Stakeholders rue post-harvest losses, advocate solar energy to curb wastage – Punch Newspapers
Published 24 October 2021
With the increasing world population, world food production is not sufficient in meeting the demands of the surging human population. Africa is not left out in the increase in food demand, especially Nigeria, seeing as it is the most populous African nation and farmers in food-producing states now in the grip of killer herders.
The President, Major General Muhammadu Buhari (retd.), commenting on the food shortages plaguing the country during his nationwide broadcast commemorating the nation’s 61st independence, noted that food prices had been going up due to artificial shortages created by middlemen who, he said, had been buying and hoarding essential commodities for profiteering.
However, food inadequacy is not the only issue bedevilling Nigeria and the African continent at large; preserving available ones seems to be an even greater problem. Since most available food preservation methods are energy-dependent and as Nigeria suffers a paralytic power supply, the methods had proven ineffective.
According to the Food and Agriculture Organisation, each year, approximately one-third of all food produced for human consumption in the world is lost or wasted. In only the year 2007, about 1.4 billion hectares of land – 28 per cent of the world’s agricultural area – was wasted by growing food that was not consumed; an area larger than Canada and China.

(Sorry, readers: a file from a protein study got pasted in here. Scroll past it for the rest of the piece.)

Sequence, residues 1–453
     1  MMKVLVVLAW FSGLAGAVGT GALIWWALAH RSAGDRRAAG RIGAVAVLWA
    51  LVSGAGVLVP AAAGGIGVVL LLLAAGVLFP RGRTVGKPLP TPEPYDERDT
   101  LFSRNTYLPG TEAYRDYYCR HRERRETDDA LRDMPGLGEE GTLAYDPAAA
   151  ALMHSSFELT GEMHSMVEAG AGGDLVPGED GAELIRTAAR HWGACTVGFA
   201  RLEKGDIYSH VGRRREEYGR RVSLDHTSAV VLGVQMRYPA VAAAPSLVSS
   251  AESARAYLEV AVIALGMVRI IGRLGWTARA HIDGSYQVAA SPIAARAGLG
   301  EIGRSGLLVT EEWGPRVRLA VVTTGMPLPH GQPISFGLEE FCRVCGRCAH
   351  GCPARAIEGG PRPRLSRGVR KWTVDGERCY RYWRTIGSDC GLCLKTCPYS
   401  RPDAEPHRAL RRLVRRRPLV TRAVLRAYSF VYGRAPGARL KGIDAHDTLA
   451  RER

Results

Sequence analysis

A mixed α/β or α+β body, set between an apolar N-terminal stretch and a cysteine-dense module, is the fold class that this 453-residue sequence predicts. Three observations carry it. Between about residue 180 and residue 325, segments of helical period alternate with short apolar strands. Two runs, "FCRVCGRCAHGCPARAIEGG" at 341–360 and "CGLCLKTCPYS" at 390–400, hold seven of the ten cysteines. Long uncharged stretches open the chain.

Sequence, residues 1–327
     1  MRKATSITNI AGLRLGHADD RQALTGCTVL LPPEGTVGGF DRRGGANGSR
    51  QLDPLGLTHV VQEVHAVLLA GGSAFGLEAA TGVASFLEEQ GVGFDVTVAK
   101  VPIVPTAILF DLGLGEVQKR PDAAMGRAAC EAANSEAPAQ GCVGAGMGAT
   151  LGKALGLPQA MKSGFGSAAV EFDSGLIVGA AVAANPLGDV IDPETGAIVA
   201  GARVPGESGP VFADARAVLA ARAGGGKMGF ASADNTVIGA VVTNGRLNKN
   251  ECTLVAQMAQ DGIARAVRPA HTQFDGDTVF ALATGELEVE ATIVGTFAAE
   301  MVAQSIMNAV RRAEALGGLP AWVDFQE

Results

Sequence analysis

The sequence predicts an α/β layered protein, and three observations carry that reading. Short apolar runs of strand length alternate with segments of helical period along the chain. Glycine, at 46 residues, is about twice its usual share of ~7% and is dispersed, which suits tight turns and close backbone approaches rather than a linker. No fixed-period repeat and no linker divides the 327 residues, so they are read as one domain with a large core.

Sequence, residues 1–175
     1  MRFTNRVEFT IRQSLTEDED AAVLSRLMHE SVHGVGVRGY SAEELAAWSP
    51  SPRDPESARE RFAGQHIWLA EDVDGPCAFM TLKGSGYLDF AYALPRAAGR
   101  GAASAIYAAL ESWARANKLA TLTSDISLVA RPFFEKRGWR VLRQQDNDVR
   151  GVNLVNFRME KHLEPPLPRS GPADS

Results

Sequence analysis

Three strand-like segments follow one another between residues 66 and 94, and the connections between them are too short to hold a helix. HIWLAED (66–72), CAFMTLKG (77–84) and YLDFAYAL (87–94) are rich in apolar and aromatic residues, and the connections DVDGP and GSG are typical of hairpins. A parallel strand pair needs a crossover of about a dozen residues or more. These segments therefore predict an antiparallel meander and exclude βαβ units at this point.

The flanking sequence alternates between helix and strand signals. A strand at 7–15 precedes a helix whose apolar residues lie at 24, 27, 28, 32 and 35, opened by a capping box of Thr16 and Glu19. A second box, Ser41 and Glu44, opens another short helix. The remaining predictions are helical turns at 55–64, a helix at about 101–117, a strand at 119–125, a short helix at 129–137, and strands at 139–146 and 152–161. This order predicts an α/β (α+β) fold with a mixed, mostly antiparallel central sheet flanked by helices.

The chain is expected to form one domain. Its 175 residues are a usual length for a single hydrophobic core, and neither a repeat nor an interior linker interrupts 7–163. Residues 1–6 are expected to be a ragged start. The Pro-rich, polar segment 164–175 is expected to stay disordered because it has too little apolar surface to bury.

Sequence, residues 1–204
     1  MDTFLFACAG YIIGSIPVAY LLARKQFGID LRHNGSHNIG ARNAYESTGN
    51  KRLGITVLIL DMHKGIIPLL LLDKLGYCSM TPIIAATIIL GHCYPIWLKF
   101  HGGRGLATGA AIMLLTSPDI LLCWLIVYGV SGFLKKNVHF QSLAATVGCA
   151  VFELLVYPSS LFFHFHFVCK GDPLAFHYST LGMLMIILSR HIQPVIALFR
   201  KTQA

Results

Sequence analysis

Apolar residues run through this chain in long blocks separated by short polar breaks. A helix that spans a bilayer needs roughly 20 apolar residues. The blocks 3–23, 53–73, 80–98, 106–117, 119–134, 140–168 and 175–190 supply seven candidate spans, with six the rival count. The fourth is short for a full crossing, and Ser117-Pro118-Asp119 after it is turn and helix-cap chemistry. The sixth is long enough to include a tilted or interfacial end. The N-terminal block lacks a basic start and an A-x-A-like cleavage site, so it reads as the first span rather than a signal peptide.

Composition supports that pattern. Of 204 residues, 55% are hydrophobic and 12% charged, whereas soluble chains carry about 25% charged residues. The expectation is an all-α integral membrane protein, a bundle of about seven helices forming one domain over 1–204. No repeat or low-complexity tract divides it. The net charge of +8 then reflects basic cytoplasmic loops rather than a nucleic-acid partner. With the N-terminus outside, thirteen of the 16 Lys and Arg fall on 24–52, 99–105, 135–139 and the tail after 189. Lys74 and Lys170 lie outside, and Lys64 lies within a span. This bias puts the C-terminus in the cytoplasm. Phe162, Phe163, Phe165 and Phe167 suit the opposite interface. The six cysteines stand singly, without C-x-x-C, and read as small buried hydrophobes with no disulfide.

The FAO projected that annually, Nigeria records $9bn (N3.5tn) post-harvest losses. This situation forces Nigerian farmers to sell off their produce at near giveaway rates as they lack the facilities to store their agricultural produce for they either sell the crops or incur heavier losses.
Recent studies indicated that while post-consumer food waste accounted for the greatest overall losses among affluent economies, food wastes were higher at the immediate post-harvest stages in developing countries and wastage of perishable foods higher across industrialised and developing economies.
Food waste is a much bigger problem than many people realise. Nearly one-third of all food produced in the world is discarded or wasted for various reasons. This equates roughly to nearly 1.3 billion tons every year.
A new report by the United Nations on food wastage identified food wastage in Nigeria per citizen as the highest in Africa. The report indicated that a Nigerian trashes at least 189 kilogrammes of food every year, amounting to a total of 37.9 million (37,941,470) tonnes of food every 12 months.
The World Resources Institute noted that reducing food waste by half would benefit the environment significantly by reducing the need for land, water, and other resources to grow food. It added that cutting food waste in half would lower greenhouse gas emissions by 1.5 …….